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Year : 2010  |  Volume : 27  |  Issue : 4  |  Page : 244-246 Table of Contents   

Dissecting aneurysm of arch and descending thoracic aorta presenting as a left sided hemorrhagic pleural effusion

Department of Chest Medicine, Nil Ratan Sirkar Medical College and Hospital, Kolkata, West Bengal, India

Date of Web Publication22-Oct-2010

Correspondence Address:
Shelley Shamim
Quarter BMS III, Room no 4, NRS Medical College, 138 AJC Bose Road, Kolkata -700 014, West Bengal
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Source of Support: None, Conflict of Interest: None

DOI: 10.4103/0970-2113.71963

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The most common cause of massive hemorrhagic effusion is malignancy. Herein we present a case of dissecting aneurysm of descending thoracic aorta presenting initially with shortness of breath due to left sided massive pleural effusion. Effusion was hemorrhagic in nature with high hematocrit value. CT scan of thorax with CT angiogram was done and that revealed the diagnosis.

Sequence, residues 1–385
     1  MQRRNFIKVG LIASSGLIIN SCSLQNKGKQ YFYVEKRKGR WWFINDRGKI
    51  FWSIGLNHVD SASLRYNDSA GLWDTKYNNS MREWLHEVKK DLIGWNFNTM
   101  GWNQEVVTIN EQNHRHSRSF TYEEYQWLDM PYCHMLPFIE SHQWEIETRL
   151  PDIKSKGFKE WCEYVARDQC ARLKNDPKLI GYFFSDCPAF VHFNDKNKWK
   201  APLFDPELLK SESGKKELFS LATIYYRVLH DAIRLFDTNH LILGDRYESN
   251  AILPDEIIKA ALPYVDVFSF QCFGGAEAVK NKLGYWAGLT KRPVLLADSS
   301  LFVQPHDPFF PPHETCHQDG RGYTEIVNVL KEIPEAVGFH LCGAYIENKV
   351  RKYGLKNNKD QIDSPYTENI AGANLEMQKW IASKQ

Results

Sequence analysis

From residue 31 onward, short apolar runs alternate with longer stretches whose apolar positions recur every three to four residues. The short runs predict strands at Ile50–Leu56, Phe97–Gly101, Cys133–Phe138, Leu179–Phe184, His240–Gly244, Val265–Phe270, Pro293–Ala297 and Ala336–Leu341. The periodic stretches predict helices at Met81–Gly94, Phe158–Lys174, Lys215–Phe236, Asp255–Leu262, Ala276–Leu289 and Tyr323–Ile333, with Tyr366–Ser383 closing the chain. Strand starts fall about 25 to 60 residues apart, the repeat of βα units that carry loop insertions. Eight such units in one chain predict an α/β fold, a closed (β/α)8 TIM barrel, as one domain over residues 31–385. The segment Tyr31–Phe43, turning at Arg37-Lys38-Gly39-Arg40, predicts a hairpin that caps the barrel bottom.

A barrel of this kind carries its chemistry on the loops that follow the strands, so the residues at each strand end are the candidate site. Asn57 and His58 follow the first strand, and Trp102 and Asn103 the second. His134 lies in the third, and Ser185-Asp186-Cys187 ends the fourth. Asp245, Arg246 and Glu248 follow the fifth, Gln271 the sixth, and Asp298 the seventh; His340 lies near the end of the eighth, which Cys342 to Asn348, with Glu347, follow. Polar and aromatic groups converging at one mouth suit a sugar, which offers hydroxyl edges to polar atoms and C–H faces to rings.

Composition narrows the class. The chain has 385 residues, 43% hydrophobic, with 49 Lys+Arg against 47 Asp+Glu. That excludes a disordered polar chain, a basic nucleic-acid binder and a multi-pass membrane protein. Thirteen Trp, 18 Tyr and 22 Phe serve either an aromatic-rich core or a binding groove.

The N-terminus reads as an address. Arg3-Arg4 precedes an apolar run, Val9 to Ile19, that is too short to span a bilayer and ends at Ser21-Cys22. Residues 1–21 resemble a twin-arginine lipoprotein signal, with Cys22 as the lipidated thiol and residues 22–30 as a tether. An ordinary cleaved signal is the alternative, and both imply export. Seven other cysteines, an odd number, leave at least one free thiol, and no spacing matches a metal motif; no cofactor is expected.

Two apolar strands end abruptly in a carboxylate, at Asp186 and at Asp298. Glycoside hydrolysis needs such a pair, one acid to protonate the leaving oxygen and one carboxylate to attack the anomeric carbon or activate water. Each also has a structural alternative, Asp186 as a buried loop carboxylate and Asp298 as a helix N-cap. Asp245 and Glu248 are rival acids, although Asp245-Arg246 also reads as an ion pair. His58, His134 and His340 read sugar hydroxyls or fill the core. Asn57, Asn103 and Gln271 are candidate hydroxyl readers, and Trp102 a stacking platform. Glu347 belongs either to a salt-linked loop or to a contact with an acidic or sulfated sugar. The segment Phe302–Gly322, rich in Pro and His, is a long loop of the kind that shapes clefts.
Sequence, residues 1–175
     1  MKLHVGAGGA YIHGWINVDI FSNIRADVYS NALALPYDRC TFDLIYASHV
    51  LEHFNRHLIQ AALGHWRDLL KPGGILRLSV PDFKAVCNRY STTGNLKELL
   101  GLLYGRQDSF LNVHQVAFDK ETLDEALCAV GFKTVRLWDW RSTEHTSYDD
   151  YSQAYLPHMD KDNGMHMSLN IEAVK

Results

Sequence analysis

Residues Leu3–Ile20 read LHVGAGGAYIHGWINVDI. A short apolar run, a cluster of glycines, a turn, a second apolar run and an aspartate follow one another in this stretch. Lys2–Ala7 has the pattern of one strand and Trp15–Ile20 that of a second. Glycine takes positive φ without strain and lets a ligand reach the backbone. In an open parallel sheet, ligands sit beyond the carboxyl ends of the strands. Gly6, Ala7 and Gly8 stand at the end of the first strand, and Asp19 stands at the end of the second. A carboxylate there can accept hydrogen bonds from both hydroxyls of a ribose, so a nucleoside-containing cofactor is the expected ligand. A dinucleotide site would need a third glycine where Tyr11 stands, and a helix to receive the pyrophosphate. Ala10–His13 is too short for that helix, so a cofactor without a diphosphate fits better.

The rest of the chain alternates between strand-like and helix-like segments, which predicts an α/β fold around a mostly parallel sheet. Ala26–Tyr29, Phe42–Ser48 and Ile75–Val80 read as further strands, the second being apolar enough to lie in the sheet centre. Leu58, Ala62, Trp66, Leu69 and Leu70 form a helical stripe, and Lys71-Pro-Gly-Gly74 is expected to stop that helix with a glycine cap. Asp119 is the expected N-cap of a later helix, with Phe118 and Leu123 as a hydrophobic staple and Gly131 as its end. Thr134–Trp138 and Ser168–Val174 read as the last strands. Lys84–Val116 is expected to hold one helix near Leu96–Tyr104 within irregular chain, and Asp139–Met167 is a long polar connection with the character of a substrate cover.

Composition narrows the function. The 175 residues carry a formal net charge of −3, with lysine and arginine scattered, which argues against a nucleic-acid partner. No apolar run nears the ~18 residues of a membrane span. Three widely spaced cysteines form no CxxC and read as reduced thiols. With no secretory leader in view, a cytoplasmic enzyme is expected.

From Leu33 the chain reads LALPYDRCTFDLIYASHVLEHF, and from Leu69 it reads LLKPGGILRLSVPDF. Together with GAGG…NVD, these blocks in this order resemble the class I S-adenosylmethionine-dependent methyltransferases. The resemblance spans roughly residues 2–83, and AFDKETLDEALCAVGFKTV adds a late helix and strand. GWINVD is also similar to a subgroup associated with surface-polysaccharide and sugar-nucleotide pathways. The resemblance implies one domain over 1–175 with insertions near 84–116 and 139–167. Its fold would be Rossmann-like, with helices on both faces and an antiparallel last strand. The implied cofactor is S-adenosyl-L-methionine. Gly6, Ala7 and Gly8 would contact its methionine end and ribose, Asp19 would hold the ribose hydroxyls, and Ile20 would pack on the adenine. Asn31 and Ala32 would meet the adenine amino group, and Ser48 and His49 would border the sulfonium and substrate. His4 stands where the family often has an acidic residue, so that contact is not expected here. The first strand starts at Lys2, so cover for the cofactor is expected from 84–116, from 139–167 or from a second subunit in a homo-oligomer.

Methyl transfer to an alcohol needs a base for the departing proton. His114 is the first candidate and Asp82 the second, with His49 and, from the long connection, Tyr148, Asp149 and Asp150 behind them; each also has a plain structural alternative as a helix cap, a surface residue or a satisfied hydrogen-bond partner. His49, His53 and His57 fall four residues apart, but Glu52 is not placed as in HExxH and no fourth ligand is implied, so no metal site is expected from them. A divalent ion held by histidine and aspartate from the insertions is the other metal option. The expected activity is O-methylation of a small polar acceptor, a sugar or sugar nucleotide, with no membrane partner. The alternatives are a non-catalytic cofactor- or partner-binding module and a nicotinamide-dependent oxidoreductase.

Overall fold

Keywords: Dissecting aneurysm, hemorrhagic pleural effusion, CT angiography, diagnostic imaging

How to cite this article:
Shamim S, Thakur SB, Sengupta A, Bhattacharyya SK, Sit N. Dissecting aneurysm of arch and descending thoracic aorta presenting as a left sided hemorrhagic pleural effusion. Lung India 2010;27:244-6

How to cite this URL:
Shamim S, Thakur SB, Sengupta A, Bhattacharyya SK, Sit N. Dissecting aneurysm of arch and descending thoracic aorta presenting as a left sided hemorrhagic pleural effusion. Lung India [serial online] 2010 [cited 2020 Jul 5];27:244-6. Available from: http://www.lungindia.com/text.asp?2010/27/4/244/71963

   Introduction Top

Hemorrhagic pleural effusion is one of the common clinical problems of day to day practice. Apart from trauma, malignancy and, pulmonary embolism, are the leading causes of hemorrhagic pleural effusion.[1] Dissecting aortic aneurysm is rather an uncommon diagnosis in a patient with hemorrhagic effusion. Hemothorax is found hardly in 10% of aortic dissection and are mostly found in dissection of descending thoracic aorta. [2],[3],[4] In dissecting aneurysm, an intimal flap is produced making a false lumen in media and that may again rupture into the pleural space producing hemothorax.

   Case Report Top